Friday, 30 October 2009

In Celebration of Hallowe'en

I’m unleashing the opening to my most recent novel, ‘The Lives of Ghosts'

There were ghosts at the Loch House long before we arrived, with ours.
Marie told me about them towards the end of the journey. After nine hours behind the wheel and all that silence, her voice didn’t sound right. It was hollow and tinny and seemed to scrape at the air trapped between us. Air that had smelt of melting rubber for the entire four hundred mile drive.

“There have always been stories about the place,” she said. “Sightings of shadowy figures and sudden lights. Strange noises in the night. For a while, we even thought about including them in the brochure. Some people like that kind of thing.”

Looking back on it now that I’m older, I imagine that she was simply talking for the sake of talking, chatting to ward off the panic as the reality of what she was doing finally started to set in. I can clearly remember how her eyes flicked at me in the rear-view mirror, a dark, wet flash and then away, and how her shoulders had risen; she was practically cowering in her seat. Clinging to that wheel. And certainly not thinking straight to say the things she said.

. . .

If you’d like to continue reading, or want to find out more about 'The Lives of Ghosts', please visit my website, where (for a limited period, as they say, whoever they are) you can read the complete first chapter.

Thursday, 22 October 2009

Thaw Blogsplash

Fiona Robyn is going to blog her next novel, Thaw, starting on the 1st of March next year. The novel follows 32 year old Ruth’s diary over three months as she decides whether or not to carry on living.

To help spread the word she’s organising a Blogsplash, where blogs will publish the first page of Ruth’s diary simultaneously (and a link to the blog).

She’s aiming to get 1000 blogs involved – if you’d be interested in joining in, email her at or find out more information here.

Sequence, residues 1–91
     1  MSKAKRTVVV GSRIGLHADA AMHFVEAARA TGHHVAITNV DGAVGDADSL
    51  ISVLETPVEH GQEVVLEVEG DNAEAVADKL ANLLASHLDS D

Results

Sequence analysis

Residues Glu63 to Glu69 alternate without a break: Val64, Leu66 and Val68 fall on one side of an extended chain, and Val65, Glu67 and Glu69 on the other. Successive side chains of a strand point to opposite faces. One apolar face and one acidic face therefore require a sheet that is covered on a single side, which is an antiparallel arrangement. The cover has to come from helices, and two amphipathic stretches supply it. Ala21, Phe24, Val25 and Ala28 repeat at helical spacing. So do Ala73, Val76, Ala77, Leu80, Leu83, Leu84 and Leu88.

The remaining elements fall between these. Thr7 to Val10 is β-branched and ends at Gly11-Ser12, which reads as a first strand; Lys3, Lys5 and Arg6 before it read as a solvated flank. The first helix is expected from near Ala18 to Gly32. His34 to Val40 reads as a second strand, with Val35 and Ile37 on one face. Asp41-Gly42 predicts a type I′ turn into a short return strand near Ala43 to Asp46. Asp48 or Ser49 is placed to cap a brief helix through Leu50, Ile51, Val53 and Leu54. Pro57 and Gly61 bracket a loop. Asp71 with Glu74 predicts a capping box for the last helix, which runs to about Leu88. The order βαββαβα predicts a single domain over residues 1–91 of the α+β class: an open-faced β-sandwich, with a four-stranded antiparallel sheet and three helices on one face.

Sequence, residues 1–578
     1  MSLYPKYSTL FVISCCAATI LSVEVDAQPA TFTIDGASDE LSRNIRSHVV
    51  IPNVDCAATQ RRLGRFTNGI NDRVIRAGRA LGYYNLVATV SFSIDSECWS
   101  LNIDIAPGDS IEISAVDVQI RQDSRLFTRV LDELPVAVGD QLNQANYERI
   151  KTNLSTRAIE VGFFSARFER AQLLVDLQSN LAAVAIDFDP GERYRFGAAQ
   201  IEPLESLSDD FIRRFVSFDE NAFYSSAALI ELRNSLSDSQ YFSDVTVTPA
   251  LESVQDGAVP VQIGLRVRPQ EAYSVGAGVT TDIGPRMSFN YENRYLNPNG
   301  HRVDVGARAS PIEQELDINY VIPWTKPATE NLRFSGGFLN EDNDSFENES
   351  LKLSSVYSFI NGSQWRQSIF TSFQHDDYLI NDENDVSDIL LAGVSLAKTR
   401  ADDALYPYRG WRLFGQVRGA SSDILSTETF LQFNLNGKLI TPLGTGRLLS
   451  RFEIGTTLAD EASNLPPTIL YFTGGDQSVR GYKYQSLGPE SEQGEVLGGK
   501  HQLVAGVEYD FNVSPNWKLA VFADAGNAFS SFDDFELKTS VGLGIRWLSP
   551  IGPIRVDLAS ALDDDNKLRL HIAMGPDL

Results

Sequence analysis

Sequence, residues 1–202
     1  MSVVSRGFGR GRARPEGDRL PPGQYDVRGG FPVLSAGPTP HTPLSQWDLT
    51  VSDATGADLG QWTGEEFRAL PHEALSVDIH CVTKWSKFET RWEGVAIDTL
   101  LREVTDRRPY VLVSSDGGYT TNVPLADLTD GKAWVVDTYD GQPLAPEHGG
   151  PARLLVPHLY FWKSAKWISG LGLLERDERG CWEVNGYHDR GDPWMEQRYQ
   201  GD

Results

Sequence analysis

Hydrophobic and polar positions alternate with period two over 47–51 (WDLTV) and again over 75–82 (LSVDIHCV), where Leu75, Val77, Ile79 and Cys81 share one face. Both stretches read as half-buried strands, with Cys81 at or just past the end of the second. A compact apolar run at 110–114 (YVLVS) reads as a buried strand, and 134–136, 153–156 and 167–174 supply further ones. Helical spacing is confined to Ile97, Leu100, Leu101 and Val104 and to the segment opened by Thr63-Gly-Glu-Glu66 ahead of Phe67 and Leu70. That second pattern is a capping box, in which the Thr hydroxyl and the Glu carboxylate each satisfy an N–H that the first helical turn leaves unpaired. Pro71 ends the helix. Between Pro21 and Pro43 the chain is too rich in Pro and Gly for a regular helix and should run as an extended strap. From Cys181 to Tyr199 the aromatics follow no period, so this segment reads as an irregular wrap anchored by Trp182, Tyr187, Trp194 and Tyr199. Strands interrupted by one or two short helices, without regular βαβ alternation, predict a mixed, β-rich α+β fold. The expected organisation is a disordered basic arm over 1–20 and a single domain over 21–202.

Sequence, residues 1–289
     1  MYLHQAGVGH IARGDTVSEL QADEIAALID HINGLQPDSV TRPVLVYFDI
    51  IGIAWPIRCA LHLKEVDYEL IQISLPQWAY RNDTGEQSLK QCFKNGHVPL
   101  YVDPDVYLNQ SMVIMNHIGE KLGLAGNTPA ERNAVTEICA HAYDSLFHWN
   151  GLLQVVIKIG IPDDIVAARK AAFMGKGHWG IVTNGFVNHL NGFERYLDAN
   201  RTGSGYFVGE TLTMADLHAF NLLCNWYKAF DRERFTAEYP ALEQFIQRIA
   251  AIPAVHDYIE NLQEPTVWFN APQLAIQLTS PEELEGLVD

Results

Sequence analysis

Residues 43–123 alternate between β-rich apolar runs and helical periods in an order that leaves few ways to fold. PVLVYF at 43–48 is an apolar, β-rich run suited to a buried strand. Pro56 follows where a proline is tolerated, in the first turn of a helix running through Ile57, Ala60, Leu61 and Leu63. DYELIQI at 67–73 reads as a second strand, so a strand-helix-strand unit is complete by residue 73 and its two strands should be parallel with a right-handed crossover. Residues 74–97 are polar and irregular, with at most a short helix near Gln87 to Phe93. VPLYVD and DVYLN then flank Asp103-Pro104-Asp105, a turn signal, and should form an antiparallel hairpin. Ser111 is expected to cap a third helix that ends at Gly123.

Monday, 19 October 2009

Competition Ramblings

A few weeks ago, I received a package in the post. Feeling the shape and weight of it and scrutinising the postmark, I was pretty certain it was the package I’d been waiting for. A strange new nerviness descended. The parcel was tightly sealed, bubble-wrapped, and by the time I’d finished juggling scissors and old sellotape and finally broken it open, I was practically popping with excitement, myself.

It contained exactly what I’d hoped.

A pile of brand new, as-yet-unpublished short stories, each neatly printed, each writer anonymous.

I had been asked to judge a local writers’ group annual short story competition. The terrifying responsibility of the task hit me right alongside the enormous privilege. But even before I started reading, I was grinning from ear to ear.

I love competitions.

I’ve had stories short-listed in a few, including the Asham and London Writers. And I’m pretty sure that having How We Were Lost placed second in the Yeovil Prize helped to draw it to the attention of certain publishers. But I also believe competitions are hugely rewarding even without the placings or the prizes. They’re great for the discipline of constraints and regulations, and for their deadlines, and perhaps for pushing writers into attempting something new.

Tonto Books have recently announced the results of their latest short story competition, judged by the marvellous Caroline Smailes. The finalists’ anthology, ‘Even More Tonto Short Stories’ looks like it’s going to be a fantabulous collection and I wanted to add my congratulations to all the winners, but most especially to some highly talented, bloggy friends, Shanta Everington, Nik Jones and Fiona Robyn.
And to those who didn’t quite make it this time (ahem) – Congratulations too for giving it a go (-:

Friday, 9 October 2009

Nik's Blog

The very generous and talented Nik Perring has invited me over to his place for a spot of mild interrogation (it was fun).

Thank you Nik!

Wednesday, 7 October 2009

After the Circus . . .

We did it!

And I loved it

So I'd like to say some enormous THANK YOUs

Firstly, thank you to awesome, award winning author Nicola Monaghan, who was not only generous enough to share her reading table, but also helped so much beforehand, offering encouragement about my writing, easing my nerves and ensuring that our pieces worked so well together.

Thank you too to LeftLion for organising such a brilliant, buzzing event, to Nottingham Writers Studio for all their support, and to all the lovely, lovely people who came along to listen.

You're all fabulous.